• According to another aspect of the present invention, a method for generic marshalling without object modification is provided. A service request is made for at least one object by inputting data into a computer system. At least one marshalling request is constructed from the service request to marshal the at least one object. A marshaller is selected that supports an output format for the data. An abstract marshaller calls at least one strategy provider when non-defined data is encountered in the at least one marshalling request. The at least one strategy provider calls at least one strategy. If the data requested in the at least one marshalling request is simple, the abstract marshaller invokes the at least on strategy to obtain values for the data from the at least one object. If the data requested in the at least one marshalling request is complex, the abstract marshaller recurses the complex data and calls the at least one strategy provider. The abstract marshaller calls a grammar method to request the obtained values be in a generic format that can be read by the selected marshaller. The selected marshaller implements the grammar method and outputs the obtained values in the output format.
  • According to another aspect of the present invention, an apparatus for generic marshalling without object modification is provided. The apparatus comprises an agent for generic marshalling of an object and at least one client for processing of data from the at least one object. The at least one client comprises an abstract marshaller to provide generic resolution support for at least one marshaller and a strategy provider to produce or call at least one strategy.
  • According to another aspect of the invention, a computer program product is provided comprising a computer useable medium having a computer readable program. When executed on a computer, the computer readable program causes the computer to make a service request for at least one object by inputting data into a computer system; construct at least one marshalling request from the service request to marshal the at least one object; select a marshaller that supports an output format for data from the at least one object; an abstract marshaller calls at least one strategy provider based on the at least one marshalling request and the selected marshaller; and at least one strategy provider calls at least one strategy. The at least one strategy defines a translation that converts data from the at least one object into a generic format recognized by the abstract marshaller so it can be converted in to the specific output format supported by the selected marshaller.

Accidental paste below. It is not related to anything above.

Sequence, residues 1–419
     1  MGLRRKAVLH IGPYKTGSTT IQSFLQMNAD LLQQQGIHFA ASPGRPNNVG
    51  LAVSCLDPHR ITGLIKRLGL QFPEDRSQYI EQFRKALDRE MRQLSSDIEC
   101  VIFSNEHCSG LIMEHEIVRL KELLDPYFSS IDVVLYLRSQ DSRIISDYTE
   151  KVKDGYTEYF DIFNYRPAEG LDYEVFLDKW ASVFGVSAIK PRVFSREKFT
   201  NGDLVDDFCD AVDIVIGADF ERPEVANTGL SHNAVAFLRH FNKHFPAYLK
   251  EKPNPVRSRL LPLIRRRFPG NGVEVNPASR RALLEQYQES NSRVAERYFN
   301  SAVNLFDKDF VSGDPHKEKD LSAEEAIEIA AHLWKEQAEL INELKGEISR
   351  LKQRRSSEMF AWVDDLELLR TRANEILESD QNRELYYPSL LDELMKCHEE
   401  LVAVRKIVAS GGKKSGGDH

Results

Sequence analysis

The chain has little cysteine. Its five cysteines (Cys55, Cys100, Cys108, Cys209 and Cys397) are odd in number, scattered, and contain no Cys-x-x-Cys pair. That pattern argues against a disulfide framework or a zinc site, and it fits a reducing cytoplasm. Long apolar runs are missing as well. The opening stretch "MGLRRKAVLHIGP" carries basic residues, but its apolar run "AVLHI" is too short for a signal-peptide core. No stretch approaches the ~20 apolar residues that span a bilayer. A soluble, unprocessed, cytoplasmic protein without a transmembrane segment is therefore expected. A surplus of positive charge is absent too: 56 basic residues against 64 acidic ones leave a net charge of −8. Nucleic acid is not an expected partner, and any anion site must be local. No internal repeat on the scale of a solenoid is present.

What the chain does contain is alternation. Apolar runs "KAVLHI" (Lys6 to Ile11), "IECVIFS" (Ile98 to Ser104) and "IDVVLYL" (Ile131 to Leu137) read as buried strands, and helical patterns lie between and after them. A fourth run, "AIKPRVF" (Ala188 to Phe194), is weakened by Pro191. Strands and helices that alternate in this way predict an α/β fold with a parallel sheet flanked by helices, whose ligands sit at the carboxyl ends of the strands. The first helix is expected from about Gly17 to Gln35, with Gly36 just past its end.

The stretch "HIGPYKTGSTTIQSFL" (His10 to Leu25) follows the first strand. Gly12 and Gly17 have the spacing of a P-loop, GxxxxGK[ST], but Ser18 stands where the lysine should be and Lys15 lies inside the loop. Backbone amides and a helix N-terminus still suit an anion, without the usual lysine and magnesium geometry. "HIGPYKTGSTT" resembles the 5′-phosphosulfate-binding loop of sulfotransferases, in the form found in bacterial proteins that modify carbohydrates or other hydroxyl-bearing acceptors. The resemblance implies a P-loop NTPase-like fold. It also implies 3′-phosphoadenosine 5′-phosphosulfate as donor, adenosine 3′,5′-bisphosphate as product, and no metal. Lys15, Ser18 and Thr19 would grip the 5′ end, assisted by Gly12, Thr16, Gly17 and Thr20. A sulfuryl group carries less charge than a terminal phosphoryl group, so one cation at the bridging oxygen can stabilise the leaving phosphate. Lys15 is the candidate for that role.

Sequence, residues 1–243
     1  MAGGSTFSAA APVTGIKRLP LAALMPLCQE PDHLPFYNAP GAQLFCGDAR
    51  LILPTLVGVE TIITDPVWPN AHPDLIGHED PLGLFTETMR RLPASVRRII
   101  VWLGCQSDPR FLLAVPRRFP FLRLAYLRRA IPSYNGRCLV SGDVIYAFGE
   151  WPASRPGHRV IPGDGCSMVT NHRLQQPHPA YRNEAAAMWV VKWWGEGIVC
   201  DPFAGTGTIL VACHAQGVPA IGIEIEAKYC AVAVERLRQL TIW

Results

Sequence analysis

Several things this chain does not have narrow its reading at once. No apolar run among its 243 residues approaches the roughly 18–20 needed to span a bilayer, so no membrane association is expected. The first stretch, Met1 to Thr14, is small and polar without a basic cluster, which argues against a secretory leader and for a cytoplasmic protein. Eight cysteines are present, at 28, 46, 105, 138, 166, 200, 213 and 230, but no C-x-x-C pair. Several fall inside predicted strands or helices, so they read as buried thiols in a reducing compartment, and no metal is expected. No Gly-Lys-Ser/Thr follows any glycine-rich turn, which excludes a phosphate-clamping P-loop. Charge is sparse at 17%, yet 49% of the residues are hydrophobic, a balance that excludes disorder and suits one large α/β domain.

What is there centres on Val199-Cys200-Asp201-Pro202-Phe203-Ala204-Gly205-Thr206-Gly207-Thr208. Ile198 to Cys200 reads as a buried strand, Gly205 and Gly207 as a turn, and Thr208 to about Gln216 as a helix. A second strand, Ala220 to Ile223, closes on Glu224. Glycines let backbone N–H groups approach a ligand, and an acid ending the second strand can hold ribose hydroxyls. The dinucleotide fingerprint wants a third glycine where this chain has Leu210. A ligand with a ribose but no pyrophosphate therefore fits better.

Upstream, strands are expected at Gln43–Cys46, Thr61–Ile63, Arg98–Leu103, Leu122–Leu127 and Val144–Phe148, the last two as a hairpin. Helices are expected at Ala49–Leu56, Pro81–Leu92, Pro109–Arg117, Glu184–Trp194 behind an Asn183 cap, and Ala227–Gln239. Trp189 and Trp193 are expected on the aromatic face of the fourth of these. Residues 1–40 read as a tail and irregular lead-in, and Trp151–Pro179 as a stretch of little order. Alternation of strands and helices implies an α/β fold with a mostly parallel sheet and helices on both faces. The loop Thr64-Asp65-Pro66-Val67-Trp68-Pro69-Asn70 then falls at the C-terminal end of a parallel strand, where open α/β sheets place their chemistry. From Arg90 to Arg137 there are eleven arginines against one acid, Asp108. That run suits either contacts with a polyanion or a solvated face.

• As used herein “substantially”, “relatively”, “generally”, “about”, and “approximately” are relative modifiers intended to indicate permissible variation from the characteristic so modified. They are not intended to be limited to the absolute value or characteristic which it modifies but rather approaching or approximating such a physical or functional characteristic.
  • In the detailed description, references to “one embodiment”, “an embodiment”, or “in embodiments” mean that the feature being referred to is included in at least one embodiment of the invention. Moreover, separate references to “one embodiment”, “an embodiment”, or “in embodiments” do not necessarily refer to the same embodiment; however, neither are such embodiments mutually exclusive, unless so stated, and except as will be readily apparent to those skilled in the art. Thus, the invention can include any variety of combinations and/or integrations of the embodiments described herein.
  • Given the following enabling description of the drawings, the system and methods should become evident to a person of ordinary skill in the art.
  • IV. BRIEF DESCRIPTION OF THE DRAWINGS
  • FIG. 1 illustrates a process flow block diagram according to an embodiment of the present invention.
  • FIG. 2 illustrates a flowchart for a method according to an embodiment of the present invention.
  • FIG. 3 illustrates a block diagram of a system according to an embodiment of the invention.
  • FIG. 4 illustrates is a data processing system according to an embodiment of the present invention.
  • V. DETAILED DESCRIPTION OF THE DRAWINGS
  • FIGS. 1-4 illustrate a system and methods for generic data marshaling without object modification. In embodiments, an object may comprise data in the form of a collection of at least one of values, properties, or methods stored in memory. According to the present invention, the object is not modified during the marshalling process. The underlying application or code does not need to be changed. No new class has to be created.
  • As illustrated in the process flow block diagram of FIG. 1, the present invention comprises at least one marshalling request 100, at least one marshaller 105, an abstract marshaller 110, at least one strategy provider 115, and at least one strategy 120. In embodiments, the abstract marshaller 110 may comprise a core component from which the at least one marshaller 105 extends. The combination of the abstract marshaller 110 and at least one strategy provider 115 comprises an intermediary between at least one object 125 and its resultant output format. The intermediary processes data in an agnostic or generic manner, thereby allowing different marshallers (e.g., JavaScript Object Notation or JSON; XML) to be dynamically plugged into a system. This configuration also allows augmentation of existing applications for services without the need to alter working logic.
  • FIG. 2 illustrates a flowchart of a method according to an embodiment of the present invention.
  • A user makes a service request for at least one object, for example, by inputting data in a web browser, 200. The data in the service request may comprise at least one of an object name, output format for the at least one object, or scope of the at least one object (i.e., verbosity). At least one marshalling request is constructed from the service request in order to marshal the at least one object, 205. In embodiments, the at least one marshalling request may be constructed according to a predetermined fixed rule for the data in the service request.